A form of ethical theory that makes the concept of virtue and virtuous action its primary or fundamental concepts. While most prevailing ethical theories make either the principle of the good
or the principle of the right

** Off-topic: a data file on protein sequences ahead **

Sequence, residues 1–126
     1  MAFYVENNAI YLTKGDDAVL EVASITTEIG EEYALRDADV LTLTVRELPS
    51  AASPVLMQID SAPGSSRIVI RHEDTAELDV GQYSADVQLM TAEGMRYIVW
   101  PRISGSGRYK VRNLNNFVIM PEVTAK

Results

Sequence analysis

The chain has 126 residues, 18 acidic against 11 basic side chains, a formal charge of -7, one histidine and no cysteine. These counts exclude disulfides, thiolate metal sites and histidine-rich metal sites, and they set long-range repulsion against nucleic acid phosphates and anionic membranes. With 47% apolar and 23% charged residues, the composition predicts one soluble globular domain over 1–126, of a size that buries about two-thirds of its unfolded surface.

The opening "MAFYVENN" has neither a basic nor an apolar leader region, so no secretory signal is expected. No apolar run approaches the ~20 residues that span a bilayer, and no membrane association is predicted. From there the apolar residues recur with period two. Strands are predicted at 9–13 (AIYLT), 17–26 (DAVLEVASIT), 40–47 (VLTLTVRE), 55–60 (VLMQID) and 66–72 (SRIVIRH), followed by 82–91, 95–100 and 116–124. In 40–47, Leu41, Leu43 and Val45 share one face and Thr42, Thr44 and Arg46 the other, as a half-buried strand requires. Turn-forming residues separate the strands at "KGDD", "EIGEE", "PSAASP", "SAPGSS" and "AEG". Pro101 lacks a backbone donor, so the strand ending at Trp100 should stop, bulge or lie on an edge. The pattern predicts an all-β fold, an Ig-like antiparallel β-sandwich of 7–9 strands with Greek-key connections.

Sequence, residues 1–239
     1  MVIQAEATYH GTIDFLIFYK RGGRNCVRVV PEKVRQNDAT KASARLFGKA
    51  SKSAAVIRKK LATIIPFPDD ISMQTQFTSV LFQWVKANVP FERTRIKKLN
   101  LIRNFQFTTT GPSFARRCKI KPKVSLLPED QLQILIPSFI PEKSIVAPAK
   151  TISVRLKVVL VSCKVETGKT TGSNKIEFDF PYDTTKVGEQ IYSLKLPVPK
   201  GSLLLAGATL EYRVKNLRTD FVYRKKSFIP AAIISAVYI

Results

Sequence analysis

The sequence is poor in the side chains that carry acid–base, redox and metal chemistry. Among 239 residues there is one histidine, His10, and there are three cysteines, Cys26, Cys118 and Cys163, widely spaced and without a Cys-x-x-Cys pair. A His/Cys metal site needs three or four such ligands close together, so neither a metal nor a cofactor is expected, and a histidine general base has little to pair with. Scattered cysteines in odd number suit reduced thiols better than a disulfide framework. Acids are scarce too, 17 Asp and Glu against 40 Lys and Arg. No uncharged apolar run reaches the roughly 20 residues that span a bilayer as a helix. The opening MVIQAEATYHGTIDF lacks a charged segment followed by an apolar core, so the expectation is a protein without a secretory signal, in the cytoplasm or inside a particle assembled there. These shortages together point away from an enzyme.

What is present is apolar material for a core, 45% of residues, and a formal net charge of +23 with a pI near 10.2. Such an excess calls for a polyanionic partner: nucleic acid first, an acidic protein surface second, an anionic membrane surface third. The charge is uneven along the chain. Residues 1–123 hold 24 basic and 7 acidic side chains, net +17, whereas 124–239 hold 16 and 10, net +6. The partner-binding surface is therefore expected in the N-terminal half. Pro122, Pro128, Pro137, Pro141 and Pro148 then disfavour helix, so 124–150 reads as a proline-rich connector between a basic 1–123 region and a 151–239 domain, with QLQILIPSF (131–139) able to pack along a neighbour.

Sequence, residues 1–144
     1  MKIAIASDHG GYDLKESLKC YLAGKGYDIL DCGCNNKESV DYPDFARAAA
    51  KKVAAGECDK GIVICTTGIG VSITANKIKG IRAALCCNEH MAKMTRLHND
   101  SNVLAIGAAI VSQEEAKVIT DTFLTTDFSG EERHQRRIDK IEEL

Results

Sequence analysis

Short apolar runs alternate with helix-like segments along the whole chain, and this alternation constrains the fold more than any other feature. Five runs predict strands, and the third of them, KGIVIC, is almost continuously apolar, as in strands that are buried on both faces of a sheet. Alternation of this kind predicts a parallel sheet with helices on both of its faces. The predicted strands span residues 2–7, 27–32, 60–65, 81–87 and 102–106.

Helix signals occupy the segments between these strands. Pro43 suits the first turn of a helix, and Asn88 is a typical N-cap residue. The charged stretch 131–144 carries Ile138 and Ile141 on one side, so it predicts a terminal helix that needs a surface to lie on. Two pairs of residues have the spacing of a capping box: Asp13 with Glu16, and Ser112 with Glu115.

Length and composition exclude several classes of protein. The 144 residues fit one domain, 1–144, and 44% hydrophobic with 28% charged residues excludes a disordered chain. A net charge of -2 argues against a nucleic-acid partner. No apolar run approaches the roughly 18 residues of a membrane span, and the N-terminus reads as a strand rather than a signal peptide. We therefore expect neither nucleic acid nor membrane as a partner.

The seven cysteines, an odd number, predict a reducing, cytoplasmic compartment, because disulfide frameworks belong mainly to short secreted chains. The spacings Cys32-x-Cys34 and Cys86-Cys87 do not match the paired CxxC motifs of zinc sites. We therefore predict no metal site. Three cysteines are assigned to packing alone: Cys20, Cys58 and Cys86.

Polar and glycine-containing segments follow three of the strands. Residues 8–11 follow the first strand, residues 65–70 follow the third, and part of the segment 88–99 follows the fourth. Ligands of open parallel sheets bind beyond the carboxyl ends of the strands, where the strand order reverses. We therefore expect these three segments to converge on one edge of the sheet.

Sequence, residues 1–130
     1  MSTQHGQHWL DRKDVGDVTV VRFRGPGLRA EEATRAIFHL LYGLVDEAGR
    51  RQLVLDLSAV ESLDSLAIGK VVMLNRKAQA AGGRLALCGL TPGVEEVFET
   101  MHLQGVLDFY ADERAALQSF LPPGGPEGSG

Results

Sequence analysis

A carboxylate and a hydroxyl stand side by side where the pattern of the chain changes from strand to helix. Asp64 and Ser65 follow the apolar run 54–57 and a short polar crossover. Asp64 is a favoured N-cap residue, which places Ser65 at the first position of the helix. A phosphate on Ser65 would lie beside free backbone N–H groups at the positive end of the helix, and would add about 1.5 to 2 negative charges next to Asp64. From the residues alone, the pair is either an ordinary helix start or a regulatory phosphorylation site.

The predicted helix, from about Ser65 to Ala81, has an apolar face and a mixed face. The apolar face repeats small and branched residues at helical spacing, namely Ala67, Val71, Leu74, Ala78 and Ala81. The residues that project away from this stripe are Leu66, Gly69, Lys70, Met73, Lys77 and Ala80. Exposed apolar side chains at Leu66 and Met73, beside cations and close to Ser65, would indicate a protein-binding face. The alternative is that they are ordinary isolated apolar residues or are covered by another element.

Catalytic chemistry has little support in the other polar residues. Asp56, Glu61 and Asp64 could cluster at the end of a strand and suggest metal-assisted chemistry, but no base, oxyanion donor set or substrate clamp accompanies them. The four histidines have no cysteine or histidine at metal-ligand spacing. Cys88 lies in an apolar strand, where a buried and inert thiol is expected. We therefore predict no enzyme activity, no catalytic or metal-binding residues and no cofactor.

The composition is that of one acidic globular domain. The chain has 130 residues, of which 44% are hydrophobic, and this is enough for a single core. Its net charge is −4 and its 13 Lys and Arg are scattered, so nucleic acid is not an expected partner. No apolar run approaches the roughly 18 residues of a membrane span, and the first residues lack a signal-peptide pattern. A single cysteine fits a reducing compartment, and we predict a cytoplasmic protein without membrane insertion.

fundamental, virtue ethics gives these principles only a derivative status. In virtue ethics, then, the emphasis is more on one’s character, the states of character from which actions flow, and actions that are in accordance with these states of character, rather than on any foundational principles from which practical judgments can be deduced. Rather than deducing what it is good to do, an agent must be practiced in the performance of virtuous action in order to be able to judge right and wrong, good and bad. In this way, the order of moral knowledge is reversed in virtue ethics, insofar as we must first do what is good in order to be able to recognize what is good. For this reason, virtue ethics often is accused of relying on circular reasoning. Recently, however, there has been a resurgence of interest in virtue ethics, in both theological and philosophical ethics.